Grey Thesis

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  • INDUCT DISSIPATIVE BAR-SILENCER DESIGN

    by

    Aaron Grey

    A thesis submitted in fulfilment of the requirements for the

    Degree of Masters of Engineering

    in the

    Department of Mechanical Engineering University of Canterbury

    Christchurch, New Zealand

    March, 2004

  • ABSTRACT

    The aim of this project was to investigate the performance of bar-silencers in ventilation

    ducts, with and without mean flow. The goal of which was to determine a product which

    could be used on its own or in conjunction with current traditional methods for induct

    sound attenuation.

    A literature review was conducted on induct sound attenuation and bar-silencers. A test

    facility was established in the Department of Mechanical Engineering, University of

    Canterbury. Modifications were made to an existing fan and duct rig to align it with ISO

    7235 (1991) - Measurement procedures for ducted silencers - Insertion loss, flow noise and

    total pressure loss.

    A number of bar-silencers were tested in the test facility to determine both their insertion

    loss and pressure loss characteristics. Bar-silencers which varied in thickness, (such as,

    triangular shaped silencers) were confirmed to have an insertion loss across a greater range

    of frequencies, but lower peak absorption than ducting lined on two sides.

    It was found that the bar-silencers would not be a cost effective method of sound

    attenuation on their own, due to less effective noise absorption, higher material costs and

    higher pressure losses, than traditionally lined sections of ducting. However, the bar-

    silencers could be used in conjunction with traditional methods of sound attenuation to

    increase the attenuation or in low flow velocity ventilation exits where pressure losses are

    reduced.

  • ACKNOWLEDGMENTS

    I would like to express my gratitude to my supervisors, Dr John Pearse and Professor Cliff

    Stevenson, whose expertise, understanding, and patience, added considerably to my

    graduate experience. Without their guidance and support, I would never have been able to

    complete the project on time.

    Mr Mike Latimer and the crew at Latimer Acoustics, for supplying materials, friendly faces

    and advice on the testing program.

    Also to my parents, who provided the item of greatest worth - opportunity. Thank you for

    standing by me through the many trials and decisions of my educational career.

    Fellow students and friends in the Department, especially Andrew, who has made me laugh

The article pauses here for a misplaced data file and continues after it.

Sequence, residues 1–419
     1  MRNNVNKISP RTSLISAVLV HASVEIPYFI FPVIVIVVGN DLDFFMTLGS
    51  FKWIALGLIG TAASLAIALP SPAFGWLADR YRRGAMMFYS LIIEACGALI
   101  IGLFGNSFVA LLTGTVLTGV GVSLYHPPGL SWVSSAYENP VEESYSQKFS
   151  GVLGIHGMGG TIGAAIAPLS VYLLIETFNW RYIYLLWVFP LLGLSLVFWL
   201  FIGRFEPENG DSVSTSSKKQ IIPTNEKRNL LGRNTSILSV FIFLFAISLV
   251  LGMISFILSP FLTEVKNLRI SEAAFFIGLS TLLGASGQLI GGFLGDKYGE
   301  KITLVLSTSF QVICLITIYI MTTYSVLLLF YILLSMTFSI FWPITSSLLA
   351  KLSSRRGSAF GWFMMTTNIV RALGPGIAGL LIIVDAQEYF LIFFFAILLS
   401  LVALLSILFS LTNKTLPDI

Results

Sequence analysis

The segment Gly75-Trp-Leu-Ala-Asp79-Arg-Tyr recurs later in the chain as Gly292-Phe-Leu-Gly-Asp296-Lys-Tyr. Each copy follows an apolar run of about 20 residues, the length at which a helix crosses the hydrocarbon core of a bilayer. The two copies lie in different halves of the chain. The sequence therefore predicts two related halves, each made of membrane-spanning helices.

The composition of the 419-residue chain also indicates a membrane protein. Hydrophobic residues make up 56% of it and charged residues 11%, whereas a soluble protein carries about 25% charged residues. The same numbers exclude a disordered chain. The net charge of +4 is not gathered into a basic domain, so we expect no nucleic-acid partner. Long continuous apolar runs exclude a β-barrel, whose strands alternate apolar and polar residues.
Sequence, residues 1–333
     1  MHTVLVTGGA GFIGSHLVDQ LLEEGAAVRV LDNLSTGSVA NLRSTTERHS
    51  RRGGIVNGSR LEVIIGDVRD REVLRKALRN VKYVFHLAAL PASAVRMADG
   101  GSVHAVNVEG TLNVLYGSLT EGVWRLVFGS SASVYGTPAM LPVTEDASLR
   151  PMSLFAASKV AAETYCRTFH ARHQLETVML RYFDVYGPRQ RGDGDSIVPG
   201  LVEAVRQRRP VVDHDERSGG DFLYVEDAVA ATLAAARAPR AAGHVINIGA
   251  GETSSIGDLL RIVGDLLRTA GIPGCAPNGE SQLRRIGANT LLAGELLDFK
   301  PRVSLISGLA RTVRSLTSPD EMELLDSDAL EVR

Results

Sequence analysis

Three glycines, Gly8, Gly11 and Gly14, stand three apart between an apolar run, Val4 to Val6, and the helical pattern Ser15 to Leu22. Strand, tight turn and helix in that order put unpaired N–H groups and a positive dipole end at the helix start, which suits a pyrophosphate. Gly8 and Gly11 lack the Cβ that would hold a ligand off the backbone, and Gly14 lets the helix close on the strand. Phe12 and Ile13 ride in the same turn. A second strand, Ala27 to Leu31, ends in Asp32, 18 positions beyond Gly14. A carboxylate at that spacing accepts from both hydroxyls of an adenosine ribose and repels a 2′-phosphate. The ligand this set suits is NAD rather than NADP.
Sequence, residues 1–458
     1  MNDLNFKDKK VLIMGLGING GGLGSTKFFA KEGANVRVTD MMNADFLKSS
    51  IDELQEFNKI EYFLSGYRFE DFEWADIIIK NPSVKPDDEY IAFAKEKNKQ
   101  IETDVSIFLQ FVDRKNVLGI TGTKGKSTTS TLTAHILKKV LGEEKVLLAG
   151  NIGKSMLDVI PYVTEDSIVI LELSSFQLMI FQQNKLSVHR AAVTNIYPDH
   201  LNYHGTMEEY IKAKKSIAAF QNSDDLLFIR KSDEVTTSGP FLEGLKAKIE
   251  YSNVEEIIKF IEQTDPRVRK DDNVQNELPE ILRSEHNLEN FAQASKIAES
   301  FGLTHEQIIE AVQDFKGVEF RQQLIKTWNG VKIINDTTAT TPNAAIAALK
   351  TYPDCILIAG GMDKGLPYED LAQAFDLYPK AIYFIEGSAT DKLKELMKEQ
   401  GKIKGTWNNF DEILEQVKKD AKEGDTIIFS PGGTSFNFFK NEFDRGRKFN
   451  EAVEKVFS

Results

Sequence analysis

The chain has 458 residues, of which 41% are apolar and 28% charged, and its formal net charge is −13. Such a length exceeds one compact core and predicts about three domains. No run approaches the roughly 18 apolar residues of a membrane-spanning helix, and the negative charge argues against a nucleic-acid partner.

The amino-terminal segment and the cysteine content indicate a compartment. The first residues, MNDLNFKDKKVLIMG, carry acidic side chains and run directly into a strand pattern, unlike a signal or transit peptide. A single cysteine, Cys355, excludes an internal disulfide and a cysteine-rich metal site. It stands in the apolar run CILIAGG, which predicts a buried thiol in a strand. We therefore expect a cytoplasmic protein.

and kept me sane during the year. Lastly, I would like to thank Carmen for helping me

    make the decision to stay and complete a Masters.

  • i

    TABLE OF CONTENTS

    CHAPTER 1 INTRODUCTION AND LITERATURE REVIEW

    1.1 Motivation 1

    1.2 Objective and Scope 1

    1.3 Literature Review 2

    1.3.1 Types of Induct Attenuation 3

    1.3.2 Absorbing Medium 6

    1.3.3 Fluid Flow 12

    1.3.4 Bar-Silencers 15

    1.3.5 Attenuator Performance 20

    1.4 Chapter Summary 25

    1.5 References 26

    CHAPTER 2 TEST FACILITIES

    2.1 Introduction 29

    2.2 Test Room 30

    2.2.1 Quash Hanging Absorbers 30

    2.3 Test Apparatus 37

    2.3.1 Centrifugal Fan Unit 38

    2.3.2 Transition 39

    2.3.3 Noise Source 40

    2.3.4 Noise Reception 40

    2.3.5 Flow Measurement 41

    2.3.6 Ducting 42

    2.3.7 Anechoic Termination 44

    2.4 Calibration 45

    2.5 Methodology 56

    2.6 References 58

  • ii Induct Dissipative Bar-Silencer Design

    CHAPTER 3 EXPERIMENTAL RESULTS

    3.1 Summary 59

    3.2 Conventions 60

    3.2.1 Convention Examples 61

    3.3 Facility Verification 62

    3.3.1 Benchmark Test 62

    3.3.2 Cross Modes 67

    3.4 Absorber Material 68

    3.5 Bar-Silencer Shape 71

    3.6 Effect of Thickness Variation 74

    3.7 Bar-Silencer Position 77

    3.8 Triangular Bar-Silencer Size 79

    3.9 Triangular Bar-Silencer Aspect Ratio 80

    3.10 Effect of Bar-Silencer Length 81

    3.11 Miscellaneous 540 mm x 300 mm Duct Tests 83

    3.11.1 Parallel and Wedge Linings 83

    3.11.2 Position of Linings 84

    3.11.3 Combination of Linings 86

    3.11.4 Four Sided Linings 87

    3.12 270 mm x 300 mm Duct Tests 90

    3.12.1 Constant Bar-Silencer Size 90

    3.12.2 Bar-Silencer Open Area Ratio 91

    3.12.3 Duct Linings for Different Sized Ducts 93

    3.12.4 Effect of Retrofit and Duct Size 95

    3.13 Pressure Losses 96

    3.14 References 102

    CHAPTER 4 DESIGN GUIDELINES